Ok, so, I don’t know why I read the Santa Fe New Mexican. The reality for me is that it’s probably better that I don’t know what’s going on within my once beloved home town. Yet, I make the mistake, over and over again (like Charlie Brown believing Lucy that this time she’ll let him kick the ball) of reading the local news. Today is one of those days.
It appears that there is an effort within our City government to improve Santa Fe’s struggling nighttime economy (the story that sums up the efforts is here). There’s a 25 year old woman quoted within the story named Shannon Murphy who created some alliance of performers and venue owners to create a more inviting nightlife scene. She’s indirectly quoted as such, “Murphy said she would like to see the city lobby the state to ease liquor law restrictions so a wider variety of events can have a shot at drawing crowds. She also called for more promoters to give people a reason to visit the streets.”
Ease liquor laws? In a state hampered by DWI deaths? Ms. Murphy is a transplant and I think she should take her liquor-loving ass back to wherever she derived. I have no interest or desire to see anything that increases alcohol consumption in my town. Now, if it’s about art and expression, then let’s talk, but it the goal is to increase alcohol-related revenues, then this initiative should be cast away and never revived.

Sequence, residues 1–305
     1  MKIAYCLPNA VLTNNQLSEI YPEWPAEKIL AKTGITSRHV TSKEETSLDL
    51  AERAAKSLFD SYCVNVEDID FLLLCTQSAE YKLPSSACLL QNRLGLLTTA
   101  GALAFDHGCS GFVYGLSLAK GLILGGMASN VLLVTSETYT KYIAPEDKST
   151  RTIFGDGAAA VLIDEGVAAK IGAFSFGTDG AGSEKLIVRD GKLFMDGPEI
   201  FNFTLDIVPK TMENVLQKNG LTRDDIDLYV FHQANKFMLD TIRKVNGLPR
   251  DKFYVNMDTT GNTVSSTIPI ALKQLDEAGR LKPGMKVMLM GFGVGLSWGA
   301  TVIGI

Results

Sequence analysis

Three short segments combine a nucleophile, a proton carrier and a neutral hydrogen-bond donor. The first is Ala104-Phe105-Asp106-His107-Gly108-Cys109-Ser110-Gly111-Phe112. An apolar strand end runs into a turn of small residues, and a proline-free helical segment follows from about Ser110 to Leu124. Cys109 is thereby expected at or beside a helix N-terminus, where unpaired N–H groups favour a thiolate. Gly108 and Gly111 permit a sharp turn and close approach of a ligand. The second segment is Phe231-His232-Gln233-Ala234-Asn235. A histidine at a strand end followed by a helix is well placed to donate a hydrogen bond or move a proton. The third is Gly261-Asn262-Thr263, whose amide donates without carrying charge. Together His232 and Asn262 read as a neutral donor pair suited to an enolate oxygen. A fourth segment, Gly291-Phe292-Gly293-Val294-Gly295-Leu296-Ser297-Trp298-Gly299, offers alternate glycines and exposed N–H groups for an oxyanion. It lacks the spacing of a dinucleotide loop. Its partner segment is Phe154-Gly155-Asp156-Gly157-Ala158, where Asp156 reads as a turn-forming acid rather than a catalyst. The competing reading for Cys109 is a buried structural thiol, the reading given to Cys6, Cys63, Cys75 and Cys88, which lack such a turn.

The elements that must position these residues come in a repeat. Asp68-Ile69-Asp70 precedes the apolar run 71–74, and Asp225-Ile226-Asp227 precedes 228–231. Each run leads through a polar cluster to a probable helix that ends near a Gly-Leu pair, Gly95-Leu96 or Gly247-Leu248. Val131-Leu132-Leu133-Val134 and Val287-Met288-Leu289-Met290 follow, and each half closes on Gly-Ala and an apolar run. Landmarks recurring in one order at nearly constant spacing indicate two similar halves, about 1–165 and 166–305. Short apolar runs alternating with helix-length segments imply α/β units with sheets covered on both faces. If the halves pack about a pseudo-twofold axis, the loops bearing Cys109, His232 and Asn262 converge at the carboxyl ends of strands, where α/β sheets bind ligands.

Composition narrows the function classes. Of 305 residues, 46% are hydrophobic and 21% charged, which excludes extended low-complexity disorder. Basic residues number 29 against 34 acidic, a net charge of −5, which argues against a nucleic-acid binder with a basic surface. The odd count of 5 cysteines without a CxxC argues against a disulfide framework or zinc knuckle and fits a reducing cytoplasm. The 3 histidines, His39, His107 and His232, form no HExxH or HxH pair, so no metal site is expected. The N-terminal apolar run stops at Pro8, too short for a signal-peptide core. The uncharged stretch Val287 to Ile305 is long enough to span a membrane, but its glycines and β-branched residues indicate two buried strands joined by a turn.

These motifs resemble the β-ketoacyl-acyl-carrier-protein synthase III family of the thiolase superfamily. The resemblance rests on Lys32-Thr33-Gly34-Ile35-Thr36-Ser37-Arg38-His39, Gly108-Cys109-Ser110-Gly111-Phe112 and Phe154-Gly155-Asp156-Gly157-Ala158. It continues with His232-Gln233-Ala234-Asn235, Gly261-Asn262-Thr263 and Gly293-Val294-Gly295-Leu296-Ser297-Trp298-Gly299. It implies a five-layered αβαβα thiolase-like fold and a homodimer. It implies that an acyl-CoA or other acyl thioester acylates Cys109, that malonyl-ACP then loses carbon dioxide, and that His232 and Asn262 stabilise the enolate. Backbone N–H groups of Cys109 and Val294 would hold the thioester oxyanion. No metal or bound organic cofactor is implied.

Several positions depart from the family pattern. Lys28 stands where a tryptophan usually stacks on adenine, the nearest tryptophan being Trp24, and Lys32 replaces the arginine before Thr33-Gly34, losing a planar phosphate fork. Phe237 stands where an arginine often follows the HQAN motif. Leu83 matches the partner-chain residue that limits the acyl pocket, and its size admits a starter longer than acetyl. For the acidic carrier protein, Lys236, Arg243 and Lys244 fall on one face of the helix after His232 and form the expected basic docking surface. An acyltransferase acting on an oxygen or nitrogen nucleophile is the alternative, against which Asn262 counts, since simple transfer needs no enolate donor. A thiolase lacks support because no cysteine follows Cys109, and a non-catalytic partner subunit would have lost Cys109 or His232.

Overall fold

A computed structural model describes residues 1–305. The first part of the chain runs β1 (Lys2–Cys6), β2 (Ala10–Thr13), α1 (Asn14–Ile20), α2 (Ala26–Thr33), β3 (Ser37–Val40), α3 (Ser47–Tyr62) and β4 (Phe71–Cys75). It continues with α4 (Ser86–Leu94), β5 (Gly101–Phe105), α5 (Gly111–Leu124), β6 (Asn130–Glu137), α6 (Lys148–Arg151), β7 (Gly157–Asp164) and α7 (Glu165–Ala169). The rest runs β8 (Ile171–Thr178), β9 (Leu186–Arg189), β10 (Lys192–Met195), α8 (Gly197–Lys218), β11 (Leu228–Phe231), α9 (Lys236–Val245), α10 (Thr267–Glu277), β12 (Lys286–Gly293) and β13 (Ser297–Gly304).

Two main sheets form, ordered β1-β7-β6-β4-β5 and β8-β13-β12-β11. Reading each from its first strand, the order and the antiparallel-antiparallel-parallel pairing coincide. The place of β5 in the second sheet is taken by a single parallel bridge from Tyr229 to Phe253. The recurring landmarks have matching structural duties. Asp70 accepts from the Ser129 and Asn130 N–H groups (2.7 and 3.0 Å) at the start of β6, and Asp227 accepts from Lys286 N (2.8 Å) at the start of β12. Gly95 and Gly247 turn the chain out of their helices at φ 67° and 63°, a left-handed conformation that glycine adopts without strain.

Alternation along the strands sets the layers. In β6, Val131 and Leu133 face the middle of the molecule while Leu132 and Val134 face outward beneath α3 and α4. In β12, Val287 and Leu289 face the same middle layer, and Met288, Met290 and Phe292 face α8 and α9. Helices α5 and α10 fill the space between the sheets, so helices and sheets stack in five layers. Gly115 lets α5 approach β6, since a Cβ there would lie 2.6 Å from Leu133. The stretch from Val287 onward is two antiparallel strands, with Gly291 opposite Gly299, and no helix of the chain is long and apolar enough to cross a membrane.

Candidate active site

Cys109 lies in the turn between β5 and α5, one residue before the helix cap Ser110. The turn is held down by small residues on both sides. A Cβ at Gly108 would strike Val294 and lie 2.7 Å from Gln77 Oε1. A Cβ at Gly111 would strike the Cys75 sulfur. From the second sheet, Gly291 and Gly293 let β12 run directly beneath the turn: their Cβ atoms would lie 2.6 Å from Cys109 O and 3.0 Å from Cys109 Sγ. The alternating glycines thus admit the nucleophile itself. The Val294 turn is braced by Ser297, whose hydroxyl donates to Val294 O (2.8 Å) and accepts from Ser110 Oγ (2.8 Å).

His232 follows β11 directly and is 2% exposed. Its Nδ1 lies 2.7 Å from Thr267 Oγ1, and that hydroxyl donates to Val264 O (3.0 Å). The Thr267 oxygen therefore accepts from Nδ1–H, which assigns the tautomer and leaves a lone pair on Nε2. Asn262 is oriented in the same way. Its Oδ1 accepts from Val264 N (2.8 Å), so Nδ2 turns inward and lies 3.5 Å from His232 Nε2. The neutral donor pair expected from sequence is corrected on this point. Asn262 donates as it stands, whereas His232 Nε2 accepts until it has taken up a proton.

To me, this goal of improving Santa Fe’s nighttime economy is short-sighted. The reality is that the entire economy in Santa Fe is dying due to the lack of an industry and a workforce to support it. Rather than try to get more young (or old for that matter) people to go out drinking, we should encourage technology-based entrepreneurs to base their startups in Santa Fe and then partner with schools to provide internships for students to gain workplace skills.
I agree with Ms. Murphy that there are few incentives for young people to stay in Santa Fe. But the truth is people can get drunk anywhere. As a matter of fact, I’d rather people went our clubbing in other towns. That way, the risk of drunk-driving is transferred to somewhere other than in Santa Fe. The City Council should recognize that Santa Fe is dying and needs a shot in its economic arm. I can do all I can to develop an internship plan; but if no one wants to pursue the idea of a technology-sector based economy, then there’s not much more I can say about that….